1. Recognize the Context:
Previous Context: James 1:22-25
James encourages a person to receive God’s word with humility because it brings about salvation. In verse 22, they are instructed to "do what it says.” There is no virtue in hearing (or reading) the word without putting it into practice. To live this way only brings about self-deception. To illustrate his point, James draws on imagery from everyday life, the common experience of looking at one’s reflection. James compares the “non-doer” with someone who forgets what they look like after walking away from a mirror. This is quite literally, “out of sight, out of mind.”
The notion of forgetting one’s own appearance, after self-study in a mirror, seems ridiculous. This is precisely James' point. Not putting God’s word into practice is equally absurd. The Christian life is about knowing and doing.
James now redirects his attention from looking into a mirror to examining “the perfect law that gives freedom.” For James, this phrase is equated to the word, which brings salvation, mentioned in verse 21. More specifically, as a follower of Jesus, it included the Old Testament message in light of the risen Christ and the teaching of Jesus found in the Gospels.
God’s word provides freedom. This freedom is not to live as you please. Rather, knowing and doing God's word frees a person to live for him. In doing so, the one who practices God’s word will be blessed (1:12).
2. Read the Scripture: James 1:26-27
26 Those who consider themselves religious and yet do not keep a tight rein on their tongues deceive themselves, and their religion is worthless. 27 Religion that God our Father accepts as pure and faultless is this: to look after orphans and widows in their distress and to keep oneself from being polluted by the world.
3. Reflect on the Scripture:
In verse 26, James describes the person who thinks they are religious. This adjective is only used here in the New Testament, and the noun religion is used four times, including twice in verses 26-27. The word religion means “devotion to God and the expression of that devotion through worship, prayer, etc.” A religious life without guarding one’s speech habits is empty and without value. It is also a basis for self-deception (verse 22). The pure religion God the Father accepts must include caring for the widows and orphans in their affliction and avoiding the world’s sinful pollution.
Verses 26-27 present three themes, which will be considered in three subsequent sections. These themes include speech ethics, treatment of the poor and oppressed, and resistance to the world’s corruption.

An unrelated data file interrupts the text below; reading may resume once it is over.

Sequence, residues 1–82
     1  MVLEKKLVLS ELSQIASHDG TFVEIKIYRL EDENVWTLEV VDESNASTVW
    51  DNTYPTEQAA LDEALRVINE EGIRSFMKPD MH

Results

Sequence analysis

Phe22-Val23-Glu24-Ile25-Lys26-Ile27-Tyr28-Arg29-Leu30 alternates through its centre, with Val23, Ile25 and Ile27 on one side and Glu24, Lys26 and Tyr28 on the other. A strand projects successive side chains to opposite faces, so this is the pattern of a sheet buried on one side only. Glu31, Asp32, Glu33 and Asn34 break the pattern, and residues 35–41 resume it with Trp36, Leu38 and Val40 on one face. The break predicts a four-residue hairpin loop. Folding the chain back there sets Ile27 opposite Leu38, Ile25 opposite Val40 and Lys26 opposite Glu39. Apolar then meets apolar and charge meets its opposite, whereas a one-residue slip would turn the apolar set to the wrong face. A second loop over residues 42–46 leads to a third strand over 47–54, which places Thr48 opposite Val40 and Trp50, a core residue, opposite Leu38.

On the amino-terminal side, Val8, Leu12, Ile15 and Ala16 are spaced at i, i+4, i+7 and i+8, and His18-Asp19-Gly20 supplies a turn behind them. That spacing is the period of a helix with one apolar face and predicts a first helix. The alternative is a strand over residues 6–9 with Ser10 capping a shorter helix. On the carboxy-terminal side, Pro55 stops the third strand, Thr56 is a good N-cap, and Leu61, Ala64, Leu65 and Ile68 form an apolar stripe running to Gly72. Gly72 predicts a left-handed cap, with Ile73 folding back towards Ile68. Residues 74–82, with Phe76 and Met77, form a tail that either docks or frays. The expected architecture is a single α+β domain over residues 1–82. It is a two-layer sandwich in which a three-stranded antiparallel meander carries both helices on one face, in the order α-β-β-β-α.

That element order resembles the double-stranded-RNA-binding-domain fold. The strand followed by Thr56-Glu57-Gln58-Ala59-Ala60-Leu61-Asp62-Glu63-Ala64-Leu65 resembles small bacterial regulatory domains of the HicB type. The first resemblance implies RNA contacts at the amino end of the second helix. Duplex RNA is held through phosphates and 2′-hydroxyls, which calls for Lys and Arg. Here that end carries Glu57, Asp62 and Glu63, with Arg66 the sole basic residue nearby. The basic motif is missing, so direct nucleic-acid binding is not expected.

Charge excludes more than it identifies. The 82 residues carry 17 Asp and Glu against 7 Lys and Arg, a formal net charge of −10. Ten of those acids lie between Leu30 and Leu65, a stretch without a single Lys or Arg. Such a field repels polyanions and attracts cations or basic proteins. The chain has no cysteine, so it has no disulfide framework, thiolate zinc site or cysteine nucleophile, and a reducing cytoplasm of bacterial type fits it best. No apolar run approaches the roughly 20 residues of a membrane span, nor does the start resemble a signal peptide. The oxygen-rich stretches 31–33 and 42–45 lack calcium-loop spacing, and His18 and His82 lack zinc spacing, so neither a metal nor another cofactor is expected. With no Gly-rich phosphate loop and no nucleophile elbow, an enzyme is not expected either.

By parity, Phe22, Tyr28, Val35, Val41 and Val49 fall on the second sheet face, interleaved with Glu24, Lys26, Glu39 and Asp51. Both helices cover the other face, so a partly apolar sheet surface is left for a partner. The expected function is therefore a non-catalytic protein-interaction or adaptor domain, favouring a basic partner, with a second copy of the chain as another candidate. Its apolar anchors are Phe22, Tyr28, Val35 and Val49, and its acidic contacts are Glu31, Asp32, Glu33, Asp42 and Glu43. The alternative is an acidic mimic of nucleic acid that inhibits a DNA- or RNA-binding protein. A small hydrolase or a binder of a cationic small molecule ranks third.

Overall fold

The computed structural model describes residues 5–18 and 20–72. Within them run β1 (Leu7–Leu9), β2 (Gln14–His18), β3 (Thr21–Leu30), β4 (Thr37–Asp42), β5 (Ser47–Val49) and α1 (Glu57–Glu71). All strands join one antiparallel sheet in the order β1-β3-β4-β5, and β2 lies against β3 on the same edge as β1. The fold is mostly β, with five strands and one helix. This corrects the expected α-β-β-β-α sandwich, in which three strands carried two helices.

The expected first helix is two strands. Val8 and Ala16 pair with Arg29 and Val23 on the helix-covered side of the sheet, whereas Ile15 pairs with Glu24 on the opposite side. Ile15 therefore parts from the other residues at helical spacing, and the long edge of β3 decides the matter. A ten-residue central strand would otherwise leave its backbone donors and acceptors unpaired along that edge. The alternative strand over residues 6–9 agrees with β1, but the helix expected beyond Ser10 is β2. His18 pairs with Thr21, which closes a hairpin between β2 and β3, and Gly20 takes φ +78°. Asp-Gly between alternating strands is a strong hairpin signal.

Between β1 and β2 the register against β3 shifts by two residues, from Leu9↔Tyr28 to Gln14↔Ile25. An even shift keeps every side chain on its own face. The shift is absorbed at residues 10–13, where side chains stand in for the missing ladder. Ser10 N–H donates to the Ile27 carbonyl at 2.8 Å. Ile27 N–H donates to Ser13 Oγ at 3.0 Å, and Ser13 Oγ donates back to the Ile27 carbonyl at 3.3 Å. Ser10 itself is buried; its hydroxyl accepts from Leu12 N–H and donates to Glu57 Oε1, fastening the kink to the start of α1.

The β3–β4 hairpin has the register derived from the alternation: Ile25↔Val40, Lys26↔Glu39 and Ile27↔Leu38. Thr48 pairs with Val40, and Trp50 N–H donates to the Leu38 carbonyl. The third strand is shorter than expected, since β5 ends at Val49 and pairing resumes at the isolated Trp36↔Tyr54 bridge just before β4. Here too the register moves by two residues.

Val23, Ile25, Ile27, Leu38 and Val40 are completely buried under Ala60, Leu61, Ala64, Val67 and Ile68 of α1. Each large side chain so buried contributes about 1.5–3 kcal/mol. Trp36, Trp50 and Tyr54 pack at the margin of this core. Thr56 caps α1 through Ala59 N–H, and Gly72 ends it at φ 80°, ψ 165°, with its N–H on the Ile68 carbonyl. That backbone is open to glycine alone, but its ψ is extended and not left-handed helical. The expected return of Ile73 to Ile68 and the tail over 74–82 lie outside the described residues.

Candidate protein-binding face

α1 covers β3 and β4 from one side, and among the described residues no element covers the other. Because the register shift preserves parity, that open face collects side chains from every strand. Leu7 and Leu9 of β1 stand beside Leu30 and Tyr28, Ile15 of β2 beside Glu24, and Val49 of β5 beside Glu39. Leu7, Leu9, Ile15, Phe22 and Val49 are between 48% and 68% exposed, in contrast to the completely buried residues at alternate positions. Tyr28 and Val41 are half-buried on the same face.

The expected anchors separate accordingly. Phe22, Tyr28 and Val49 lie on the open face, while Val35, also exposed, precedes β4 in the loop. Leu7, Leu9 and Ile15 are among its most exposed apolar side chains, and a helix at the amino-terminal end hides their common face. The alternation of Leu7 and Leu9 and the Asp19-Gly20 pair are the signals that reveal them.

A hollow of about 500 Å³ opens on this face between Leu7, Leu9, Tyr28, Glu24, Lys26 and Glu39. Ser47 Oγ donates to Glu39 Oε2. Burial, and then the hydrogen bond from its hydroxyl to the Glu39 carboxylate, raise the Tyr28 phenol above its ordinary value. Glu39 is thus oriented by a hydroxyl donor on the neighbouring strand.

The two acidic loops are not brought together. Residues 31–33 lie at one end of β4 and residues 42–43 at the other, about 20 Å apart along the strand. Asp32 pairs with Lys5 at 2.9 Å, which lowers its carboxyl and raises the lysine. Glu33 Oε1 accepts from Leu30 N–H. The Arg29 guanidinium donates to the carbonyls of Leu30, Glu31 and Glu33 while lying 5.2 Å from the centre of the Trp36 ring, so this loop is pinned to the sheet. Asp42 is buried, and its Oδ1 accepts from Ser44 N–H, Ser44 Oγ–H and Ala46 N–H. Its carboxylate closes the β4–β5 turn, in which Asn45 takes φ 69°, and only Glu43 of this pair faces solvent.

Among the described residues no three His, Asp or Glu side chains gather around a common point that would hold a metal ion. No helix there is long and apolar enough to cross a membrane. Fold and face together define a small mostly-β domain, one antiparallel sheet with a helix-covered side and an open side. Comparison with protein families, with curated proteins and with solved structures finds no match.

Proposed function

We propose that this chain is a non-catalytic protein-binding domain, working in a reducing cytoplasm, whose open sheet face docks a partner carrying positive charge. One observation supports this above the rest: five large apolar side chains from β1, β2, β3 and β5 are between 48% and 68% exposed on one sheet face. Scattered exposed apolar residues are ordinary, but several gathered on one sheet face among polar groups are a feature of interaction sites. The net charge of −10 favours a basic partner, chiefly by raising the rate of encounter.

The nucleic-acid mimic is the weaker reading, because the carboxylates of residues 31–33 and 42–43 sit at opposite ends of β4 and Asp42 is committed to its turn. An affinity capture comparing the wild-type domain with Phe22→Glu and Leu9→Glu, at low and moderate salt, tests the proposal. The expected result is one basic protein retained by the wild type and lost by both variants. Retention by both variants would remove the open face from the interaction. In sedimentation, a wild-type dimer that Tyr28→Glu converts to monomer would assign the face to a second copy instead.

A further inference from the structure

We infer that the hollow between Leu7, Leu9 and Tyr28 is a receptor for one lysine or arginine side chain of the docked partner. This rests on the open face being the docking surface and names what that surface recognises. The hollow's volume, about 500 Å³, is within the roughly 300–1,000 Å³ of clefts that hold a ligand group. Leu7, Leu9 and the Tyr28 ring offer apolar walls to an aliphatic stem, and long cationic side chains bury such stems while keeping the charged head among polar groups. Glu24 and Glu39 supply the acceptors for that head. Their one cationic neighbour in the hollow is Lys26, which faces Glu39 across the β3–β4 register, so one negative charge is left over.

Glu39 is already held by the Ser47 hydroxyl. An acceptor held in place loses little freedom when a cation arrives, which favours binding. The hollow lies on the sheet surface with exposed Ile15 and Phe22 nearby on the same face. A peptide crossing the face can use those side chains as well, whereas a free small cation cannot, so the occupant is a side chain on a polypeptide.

A final thought:
Within the modern evangelical world, we often hear the Christian mantra, “it’s not about religion, it’s about a relationship.” This emphasis on the relational aspect of Christianity is significant and helpful for new and old Christians alike. However, this is not a dichotomy the New Testament makes, and specifically, not one James makes. James did not understand the words “religious” and “religion” to be inherently negative, as many do today. The word for religion implies a relationship with God leading to acts of worship and devotion. However, James argues “religion” is empty and self-deceptive if it’s not accompanied by actions that demonstrate guarded speech, care for the poor, and avoidance of the world’s sinfulness.
4. Relate to life:
Remember, it is important to be a doer of God’s Word, not merely a hearer or reader (James 1:22-25). Here are some practical ways to actively respond to God’s Word. Consider these or create other ways you can apply the message.
Today, prayerfully consider your speech and the words you’ve used lately.
Today, ask God for his help to guard your speech. Ask God to help you consider your “speech” on social media lately.
Today, prayerfully consider your treatment of the poor and marginalized. Also, pray for your churches' involvement in the local community and the world.
Today, prayerfully consider how the world's sinfulness has polluted your life. To do:
Given the prayer suggestions above, how do you need to respond today? Think about your attitudes, actions, and words. Think about your family, friends, church community, and co-workers.
What specific actions can you take today?
Consider finding someone to be an accountability partner with you. Find someone who will challenge your words, how you treat others, and how the world is influencing you. Keep a word journal for the week. At the end of every day, reflect on your conversations and record them in your journal. If you regret some of the words spoken, consider what you could have done differently.